Animal agriculture is a major contributor to climate change. Factory farming’s impact on climate change has been documented in multiple studies. A 2006 report from the Food and Agriculture Organization of the United Nations found that animal agriculture accounts for about 15% of human-caused greenhouse gas emissions, and a 2011 follow-up study by the Worldwatch Institute concluded that the figure is closer to 51%. And, alarmingly, the impact of animal agriculture is steadily increasing. The U.S. Environmental Protection Agency reported that greenhouse gas emissions produced by animal agriculture have increased 11% over the last 25 years. They are expected to continue to increase even while we work to curtail emissions from energy and transportation.
Considering the amount of greenhouse gases that factory farming creates, it’s shocking that in 2017, the industry remains largely unregulated. Well-funded lobby groups for the animal agriculture industry, notorious for preventing regulation of animal welfare on factory farmers, have also successfully blocked regulation of the industry’s many environmental impacts in California and elsewhere, until now. To effectively fight climate change, it’s essential we use every tool at our disposal. It’s been said that where California goes, so goes the nation. In this case, we hope it’s true.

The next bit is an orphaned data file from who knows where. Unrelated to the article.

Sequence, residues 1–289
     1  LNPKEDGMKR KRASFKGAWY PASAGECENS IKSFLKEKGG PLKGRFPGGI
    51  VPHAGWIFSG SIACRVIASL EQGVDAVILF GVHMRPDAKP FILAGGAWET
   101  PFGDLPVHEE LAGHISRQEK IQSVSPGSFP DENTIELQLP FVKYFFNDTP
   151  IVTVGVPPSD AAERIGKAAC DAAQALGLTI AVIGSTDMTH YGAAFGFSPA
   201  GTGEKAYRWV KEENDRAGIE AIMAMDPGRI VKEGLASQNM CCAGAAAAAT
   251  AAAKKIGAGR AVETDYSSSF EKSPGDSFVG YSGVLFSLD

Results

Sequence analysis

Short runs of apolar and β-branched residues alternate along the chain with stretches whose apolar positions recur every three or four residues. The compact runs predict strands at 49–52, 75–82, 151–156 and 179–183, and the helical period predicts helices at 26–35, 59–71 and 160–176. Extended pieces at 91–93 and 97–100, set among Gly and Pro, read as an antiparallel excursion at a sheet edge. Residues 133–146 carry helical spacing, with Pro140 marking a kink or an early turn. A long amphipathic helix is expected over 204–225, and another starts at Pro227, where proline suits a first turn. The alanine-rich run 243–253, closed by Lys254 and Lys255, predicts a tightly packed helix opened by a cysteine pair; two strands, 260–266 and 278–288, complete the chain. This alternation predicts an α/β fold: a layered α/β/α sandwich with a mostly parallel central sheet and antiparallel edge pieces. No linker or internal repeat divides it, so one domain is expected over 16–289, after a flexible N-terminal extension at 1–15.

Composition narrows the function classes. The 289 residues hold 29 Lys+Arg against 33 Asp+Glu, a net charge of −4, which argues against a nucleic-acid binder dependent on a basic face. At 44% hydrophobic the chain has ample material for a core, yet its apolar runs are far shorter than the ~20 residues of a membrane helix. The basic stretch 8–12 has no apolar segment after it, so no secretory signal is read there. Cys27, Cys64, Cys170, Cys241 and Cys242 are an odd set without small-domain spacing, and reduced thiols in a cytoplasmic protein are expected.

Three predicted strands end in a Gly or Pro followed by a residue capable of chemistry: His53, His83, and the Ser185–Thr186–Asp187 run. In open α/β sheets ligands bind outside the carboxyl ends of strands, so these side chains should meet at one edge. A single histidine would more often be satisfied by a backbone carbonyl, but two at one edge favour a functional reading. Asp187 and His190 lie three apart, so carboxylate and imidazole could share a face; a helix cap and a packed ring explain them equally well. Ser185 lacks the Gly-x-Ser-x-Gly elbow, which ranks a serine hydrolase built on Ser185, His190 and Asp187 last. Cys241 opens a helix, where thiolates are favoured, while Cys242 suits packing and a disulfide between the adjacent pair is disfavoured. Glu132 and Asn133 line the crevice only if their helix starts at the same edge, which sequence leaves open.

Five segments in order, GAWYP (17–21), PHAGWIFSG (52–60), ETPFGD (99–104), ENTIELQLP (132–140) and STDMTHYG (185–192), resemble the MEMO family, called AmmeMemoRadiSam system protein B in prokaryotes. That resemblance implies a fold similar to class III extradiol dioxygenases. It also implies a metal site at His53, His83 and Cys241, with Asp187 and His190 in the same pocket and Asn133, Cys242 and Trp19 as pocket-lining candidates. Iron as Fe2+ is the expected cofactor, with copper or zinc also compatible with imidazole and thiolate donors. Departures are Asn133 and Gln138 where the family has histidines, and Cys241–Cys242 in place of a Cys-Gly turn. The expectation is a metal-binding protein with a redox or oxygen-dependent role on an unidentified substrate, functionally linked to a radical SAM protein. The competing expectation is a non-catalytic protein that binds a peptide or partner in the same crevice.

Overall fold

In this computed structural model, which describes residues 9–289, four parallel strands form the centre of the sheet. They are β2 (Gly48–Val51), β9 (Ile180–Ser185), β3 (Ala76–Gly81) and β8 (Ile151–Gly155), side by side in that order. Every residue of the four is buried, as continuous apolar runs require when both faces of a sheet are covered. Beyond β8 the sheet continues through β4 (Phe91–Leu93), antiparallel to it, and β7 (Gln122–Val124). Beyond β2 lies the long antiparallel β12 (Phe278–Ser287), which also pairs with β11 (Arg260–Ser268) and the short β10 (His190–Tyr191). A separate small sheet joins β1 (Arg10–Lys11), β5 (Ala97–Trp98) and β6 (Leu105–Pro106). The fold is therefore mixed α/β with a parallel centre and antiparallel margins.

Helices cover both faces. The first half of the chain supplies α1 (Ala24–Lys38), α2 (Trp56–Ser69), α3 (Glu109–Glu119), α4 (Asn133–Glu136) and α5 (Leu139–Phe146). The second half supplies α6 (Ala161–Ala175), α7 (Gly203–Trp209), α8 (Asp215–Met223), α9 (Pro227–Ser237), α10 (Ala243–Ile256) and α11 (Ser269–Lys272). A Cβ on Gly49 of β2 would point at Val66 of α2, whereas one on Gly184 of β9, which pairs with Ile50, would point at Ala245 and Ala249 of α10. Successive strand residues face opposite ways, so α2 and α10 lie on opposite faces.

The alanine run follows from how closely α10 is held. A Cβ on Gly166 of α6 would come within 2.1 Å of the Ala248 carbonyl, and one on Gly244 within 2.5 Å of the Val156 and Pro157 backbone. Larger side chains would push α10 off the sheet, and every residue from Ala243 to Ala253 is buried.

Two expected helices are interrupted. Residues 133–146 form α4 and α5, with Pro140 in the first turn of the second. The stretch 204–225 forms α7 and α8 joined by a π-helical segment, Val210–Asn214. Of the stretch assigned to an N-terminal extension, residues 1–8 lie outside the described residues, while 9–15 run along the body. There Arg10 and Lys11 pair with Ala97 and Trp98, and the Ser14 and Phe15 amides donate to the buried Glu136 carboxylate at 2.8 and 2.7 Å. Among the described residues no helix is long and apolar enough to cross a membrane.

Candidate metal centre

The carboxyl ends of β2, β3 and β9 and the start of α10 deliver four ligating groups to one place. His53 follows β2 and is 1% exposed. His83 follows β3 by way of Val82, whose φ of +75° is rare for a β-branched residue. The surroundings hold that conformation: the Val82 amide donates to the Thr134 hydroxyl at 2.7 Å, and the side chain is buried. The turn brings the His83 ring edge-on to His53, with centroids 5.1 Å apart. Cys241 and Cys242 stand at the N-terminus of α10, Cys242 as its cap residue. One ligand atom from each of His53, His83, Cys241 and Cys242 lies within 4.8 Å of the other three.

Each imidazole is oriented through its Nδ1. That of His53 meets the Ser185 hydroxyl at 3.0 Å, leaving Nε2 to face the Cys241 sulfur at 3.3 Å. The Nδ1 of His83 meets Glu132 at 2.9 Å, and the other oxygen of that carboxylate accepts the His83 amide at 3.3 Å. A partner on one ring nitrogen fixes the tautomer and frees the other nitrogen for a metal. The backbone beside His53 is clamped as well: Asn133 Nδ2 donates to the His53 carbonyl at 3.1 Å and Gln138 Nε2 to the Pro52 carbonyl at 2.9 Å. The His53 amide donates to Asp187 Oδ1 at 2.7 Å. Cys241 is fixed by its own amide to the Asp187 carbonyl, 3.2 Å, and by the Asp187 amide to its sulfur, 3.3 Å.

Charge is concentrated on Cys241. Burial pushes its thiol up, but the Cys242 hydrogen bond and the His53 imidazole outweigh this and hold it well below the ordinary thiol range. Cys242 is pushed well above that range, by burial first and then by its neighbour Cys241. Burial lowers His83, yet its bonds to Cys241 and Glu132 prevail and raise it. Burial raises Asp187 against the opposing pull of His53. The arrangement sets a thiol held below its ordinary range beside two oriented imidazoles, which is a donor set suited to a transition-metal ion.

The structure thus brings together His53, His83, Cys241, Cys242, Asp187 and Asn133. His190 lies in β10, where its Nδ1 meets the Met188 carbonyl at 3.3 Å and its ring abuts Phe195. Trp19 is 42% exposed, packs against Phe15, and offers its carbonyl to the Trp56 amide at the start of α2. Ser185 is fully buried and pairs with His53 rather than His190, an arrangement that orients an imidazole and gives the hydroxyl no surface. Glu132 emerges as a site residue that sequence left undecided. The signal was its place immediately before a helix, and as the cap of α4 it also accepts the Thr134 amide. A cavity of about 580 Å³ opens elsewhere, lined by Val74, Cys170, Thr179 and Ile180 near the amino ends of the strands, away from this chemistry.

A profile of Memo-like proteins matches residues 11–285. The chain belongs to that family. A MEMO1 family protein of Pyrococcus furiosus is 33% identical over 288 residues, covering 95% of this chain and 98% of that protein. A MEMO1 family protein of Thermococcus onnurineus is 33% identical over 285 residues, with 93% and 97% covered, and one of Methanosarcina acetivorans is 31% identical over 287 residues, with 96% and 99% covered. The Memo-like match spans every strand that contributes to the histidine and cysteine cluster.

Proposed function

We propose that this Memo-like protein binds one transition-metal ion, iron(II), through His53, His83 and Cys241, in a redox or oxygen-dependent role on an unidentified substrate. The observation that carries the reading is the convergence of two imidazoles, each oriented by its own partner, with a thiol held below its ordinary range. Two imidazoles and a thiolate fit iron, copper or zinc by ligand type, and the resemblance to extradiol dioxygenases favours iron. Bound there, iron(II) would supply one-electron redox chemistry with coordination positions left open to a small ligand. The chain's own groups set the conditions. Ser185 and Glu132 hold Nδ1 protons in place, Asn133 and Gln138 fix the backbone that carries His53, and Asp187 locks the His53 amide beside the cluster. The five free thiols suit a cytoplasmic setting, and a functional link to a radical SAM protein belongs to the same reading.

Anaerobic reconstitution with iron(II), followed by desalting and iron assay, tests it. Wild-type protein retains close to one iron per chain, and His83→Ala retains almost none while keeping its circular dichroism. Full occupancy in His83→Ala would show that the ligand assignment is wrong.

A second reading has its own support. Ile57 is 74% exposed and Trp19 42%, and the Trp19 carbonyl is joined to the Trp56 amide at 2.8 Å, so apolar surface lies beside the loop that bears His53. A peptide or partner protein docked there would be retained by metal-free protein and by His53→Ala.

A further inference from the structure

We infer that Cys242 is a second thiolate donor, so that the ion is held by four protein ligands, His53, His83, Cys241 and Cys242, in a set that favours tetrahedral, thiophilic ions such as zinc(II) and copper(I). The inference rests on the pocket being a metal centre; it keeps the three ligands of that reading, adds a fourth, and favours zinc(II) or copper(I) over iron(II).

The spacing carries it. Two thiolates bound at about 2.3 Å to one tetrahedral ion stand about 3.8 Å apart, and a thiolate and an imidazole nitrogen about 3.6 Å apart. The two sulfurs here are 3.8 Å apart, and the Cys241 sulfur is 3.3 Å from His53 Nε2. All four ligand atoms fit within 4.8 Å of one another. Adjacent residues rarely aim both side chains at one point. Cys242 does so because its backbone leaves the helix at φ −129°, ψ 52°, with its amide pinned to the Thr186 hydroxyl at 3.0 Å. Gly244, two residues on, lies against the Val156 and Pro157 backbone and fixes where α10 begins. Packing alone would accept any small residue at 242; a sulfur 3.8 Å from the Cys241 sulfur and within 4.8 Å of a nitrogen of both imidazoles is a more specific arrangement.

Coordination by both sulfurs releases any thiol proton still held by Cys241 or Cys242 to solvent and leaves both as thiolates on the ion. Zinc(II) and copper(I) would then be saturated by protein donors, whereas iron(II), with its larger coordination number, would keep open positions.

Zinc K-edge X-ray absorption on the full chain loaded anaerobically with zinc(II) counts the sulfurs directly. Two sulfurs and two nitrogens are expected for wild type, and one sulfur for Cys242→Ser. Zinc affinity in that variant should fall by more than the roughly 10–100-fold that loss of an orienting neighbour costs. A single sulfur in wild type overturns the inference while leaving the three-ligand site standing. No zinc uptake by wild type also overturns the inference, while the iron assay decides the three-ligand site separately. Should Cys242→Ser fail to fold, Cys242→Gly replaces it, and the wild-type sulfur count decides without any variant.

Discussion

Sonoma County, CA: Tell the DA to Take Animal Cruelty Seriously
Posted by on June 28, 2017
The Animal Legal Defense Fund is urging residents of Sonoma County, California to speak up and demand that the Sonoma County District Attorney file animal cruelty charges in the case of a terrible incident that took place in April causing the death of two miniature horses, Scout and Big Red.
Ronald Rennert allegedly drove his SUV through three sturdy wooden fences separating a corral from the roadway. The car then struck the horses, mangling them both so badly they had to be euthanized by an emergency veterinarian. According to media reports, Rennert fled the scene and police arrested him on suspicion of DUI. He currently faces two DUI charges and one hit and run charge for damaging property. Neither of those charges account for the horror and severity of allegedly causing the suffering and death of two animals.
Sonoma County residents can also take a step farther and attend the next hearing in this case on Wednesday, July 5 (time and room number to be determined) at Sonoma County Superior Court. Call the courthouse for details: (707) 521-6500.
The DA needs to hear that citizens care about this issue.
Rhode Island: Say NO to Cruel Confinement of Egg-laying Hens